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Ceratonia Siliqua is a species of flowering evergreen shrub or tree in the pea family, Fabaceae.

Images of Ceratonia Siliqua at

Ceratonia Siliqua which is commonly known as the Carob tree and St John’s-bread, is a species of flowering evergreen shrub or tree in the pea family, Fabaceae.

Overview of Ceratonia Siliqua

• It is widely cultivated for its edible legumes, and as an ornamental tree in gardens.
• The seed pod may be crushed and used as ersatz chocolate.
• It is native to the Mediterranean region including Southern Europe, Northern Africa, the larger Mediterranean islands; to the Levant and Middle-East of Western Asia into Iran; and to the Canary Islands and Macaronesia.
• The Ceratonia siliqua tree grows up to 10 metres (33 ft) tall.
• The crown is broad and semi-spherical, supported by a thick trunk with brown rough bark and sturdy branches.
• Leaves are 10 to 20 centimetres (3.9 to 7.9 in) long, alternate, pinnate, and may or may not have a terminal leaflet.
• It is frost-tolerant.
• Most carob trees are dioecious.
• The trees blossom in autumn (September–October).
• The flowers are small and numerous and spirally arranged.
• The fruit is a pod that can be elongated, compressed, straight or curved, and thickened at the sutures.
• It was a common sweetener and was used in the hieroglyph for “sweet” (nedjem).
• Dried carob fruit is traditionally eaten on the Jewish holiday of Tu Bishvat.
• Carob juice drinks are traditionally drunk during the Islamic month of Ramadan.
• It is believed to be an aphrodisiac.
• In Cyprus, carob syrup is known as Cyprus’s black gold, and is widely exported.
• Carob pods were an important source of sugar before sugarcane and sugar beets became widely available.

Growing/Caring conditions of Ceratonia Siliqua

• Carob trees thrive in zones 8 to 11.
• Temperatures below 20 degrees Fahrenheit will damage mature trees and kill off saplings.
• Plant carob trees in full sun, rocky and well draining soil.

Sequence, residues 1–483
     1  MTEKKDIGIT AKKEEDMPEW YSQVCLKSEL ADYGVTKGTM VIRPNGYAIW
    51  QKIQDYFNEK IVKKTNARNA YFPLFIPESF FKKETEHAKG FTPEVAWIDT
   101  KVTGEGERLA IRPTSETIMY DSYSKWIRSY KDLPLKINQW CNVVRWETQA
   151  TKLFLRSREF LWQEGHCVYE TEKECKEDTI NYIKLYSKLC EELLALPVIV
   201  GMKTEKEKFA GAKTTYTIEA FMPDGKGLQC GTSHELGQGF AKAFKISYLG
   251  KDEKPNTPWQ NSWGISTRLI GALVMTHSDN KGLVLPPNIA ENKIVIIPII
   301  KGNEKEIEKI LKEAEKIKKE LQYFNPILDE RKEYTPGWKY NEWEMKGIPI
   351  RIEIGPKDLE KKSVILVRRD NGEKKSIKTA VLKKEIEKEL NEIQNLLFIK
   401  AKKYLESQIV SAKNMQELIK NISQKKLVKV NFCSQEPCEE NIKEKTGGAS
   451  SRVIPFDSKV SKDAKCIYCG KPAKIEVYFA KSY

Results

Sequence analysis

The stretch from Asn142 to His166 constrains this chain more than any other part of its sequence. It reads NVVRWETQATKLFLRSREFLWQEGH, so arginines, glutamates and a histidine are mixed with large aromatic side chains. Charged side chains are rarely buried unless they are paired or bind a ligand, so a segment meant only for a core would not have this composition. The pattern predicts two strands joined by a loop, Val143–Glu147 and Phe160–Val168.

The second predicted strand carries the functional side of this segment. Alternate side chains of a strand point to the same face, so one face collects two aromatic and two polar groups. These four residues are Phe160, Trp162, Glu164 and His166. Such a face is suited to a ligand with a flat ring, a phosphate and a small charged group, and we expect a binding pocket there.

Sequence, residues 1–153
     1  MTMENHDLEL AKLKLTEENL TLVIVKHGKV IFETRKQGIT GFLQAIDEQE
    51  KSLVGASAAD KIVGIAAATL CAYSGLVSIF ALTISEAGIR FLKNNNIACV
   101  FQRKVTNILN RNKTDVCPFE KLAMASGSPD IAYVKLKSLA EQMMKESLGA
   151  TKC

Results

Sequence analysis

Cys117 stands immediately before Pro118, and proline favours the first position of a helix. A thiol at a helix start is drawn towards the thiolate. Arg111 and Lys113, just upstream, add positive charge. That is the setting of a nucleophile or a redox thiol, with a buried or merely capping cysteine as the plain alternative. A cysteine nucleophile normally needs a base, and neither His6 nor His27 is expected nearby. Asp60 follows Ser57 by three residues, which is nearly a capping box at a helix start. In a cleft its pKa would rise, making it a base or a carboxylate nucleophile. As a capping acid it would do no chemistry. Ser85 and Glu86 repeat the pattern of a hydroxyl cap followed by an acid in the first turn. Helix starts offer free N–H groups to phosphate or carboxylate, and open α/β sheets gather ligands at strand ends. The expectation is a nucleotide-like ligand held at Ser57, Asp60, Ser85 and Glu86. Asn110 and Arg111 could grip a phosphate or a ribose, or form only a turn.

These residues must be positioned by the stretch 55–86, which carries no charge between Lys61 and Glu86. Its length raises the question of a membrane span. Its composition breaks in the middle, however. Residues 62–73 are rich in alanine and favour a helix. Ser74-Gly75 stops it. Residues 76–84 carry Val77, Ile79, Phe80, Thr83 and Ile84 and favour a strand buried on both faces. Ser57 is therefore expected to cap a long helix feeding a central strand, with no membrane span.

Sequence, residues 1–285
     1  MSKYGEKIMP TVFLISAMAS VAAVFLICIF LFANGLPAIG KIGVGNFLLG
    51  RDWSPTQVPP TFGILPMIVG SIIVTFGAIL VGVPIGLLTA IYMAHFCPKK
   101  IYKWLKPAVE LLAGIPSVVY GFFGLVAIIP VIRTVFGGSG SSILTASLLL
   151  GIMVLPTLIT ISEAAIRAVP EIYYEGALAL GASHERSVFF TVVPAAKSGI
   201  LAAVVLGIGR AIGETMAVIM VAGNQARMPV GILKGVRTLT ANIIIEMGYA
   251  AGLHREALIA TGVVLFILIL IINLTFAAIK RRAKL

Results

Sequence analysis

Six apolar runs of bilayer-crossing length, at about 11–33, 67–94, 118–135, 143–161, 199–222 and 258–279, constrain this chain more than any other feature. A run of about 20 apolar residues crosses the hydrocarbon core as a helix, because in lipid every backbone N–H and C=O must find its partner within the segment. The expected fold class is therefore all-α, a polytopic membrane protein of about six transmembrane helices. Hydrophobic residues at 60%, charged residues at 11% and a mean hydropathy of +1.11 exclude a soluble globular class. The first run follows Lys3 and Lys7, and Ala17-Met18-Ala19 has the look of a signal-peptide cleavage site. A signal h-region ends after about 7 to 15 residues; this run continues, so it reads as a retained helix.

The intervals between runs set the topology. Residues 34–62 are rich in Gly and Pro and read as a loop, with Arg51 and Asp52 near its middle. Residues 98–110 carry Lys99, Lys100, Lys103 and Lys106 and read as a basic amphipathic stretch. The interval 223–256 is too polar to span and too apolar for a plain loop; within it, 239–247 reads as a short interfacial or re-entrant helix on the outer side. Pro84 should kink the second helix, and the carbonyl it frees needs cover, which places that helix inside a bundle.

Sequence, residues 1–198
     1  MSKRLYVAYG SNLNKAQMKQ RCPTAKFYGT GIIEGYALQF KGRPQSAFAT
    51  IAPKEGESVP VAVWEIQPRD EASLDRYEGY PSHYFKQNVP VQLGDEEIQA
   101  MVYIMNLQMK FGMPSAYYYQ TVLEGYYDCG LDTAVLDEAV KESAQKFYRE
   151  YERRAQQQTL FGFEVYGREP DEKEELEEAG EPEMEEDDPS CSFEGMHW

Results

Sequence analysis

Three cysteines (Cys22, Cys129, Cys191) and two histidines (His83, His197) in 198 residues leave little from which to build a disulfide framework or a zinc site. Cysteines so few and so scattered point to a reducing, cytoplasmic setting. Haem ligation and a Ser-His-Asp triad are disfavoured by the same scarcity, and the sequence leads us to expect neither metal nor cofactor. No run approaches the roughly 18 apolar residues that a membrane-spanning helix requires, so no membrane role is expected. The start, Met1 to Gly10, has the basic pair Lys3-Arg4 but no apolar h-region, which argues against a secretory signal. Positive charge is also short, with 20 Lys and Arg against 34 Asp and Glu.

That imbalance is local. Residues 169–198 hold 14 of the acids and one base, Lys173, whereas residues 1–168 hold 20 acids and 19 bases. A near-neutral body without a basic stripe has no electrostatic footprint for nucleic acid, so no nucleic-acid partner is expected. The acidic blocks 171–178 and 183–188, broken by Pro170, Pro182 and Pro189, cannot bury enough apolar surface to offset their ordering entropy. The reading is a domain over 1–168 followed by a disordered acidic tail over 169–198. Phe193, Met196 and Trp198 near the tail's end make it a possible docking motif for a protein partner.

• The soil should have a pH range between 6.2 and 8.6.
• Carob trees have deep tap roots and are drought tolerant.
• Place the seeds in a bowl of water after rubbing them with sandpaper.
• Place them until they swell to about three times their original size.
• Fresh seeds from ripe pods can be planted without the scaring or soaking process.
• Fill a 12-inch-deep pot with sterile seed-starting medium.
• This is such as vermiculite or a sterile; soil-less premixed formula designed for seed germination.
• Use a pot that has several drainage holes in the bottom.
• Make a 2-inch-deep hole in the center of the pot.
• Drop the seed into the hole and cover it with 2 inches of potting mix.
• Plant seeds in the fall or spring.
• Keep them in a greenhouse for the first year.
• Keep the soil damp but not saturated during germination and first year of growth.
• Transplant the carob sapling outside to a permanent position if the climate is suitable.
• Transplant in the the spring, one year after germination.
• In colder areas, transplant the seeds into a deep pot. Keep the tree in a greenhouse or protected area during the winter.
• Use a pot that is at least 4 feet deep to accommodate the long tap root.
• Keep the soil damp around the sapling for the first year.
• In hot dry weather, water the plant daily or every other day.
• Apply water when the top 2 to 3 inches of soil feels dry.

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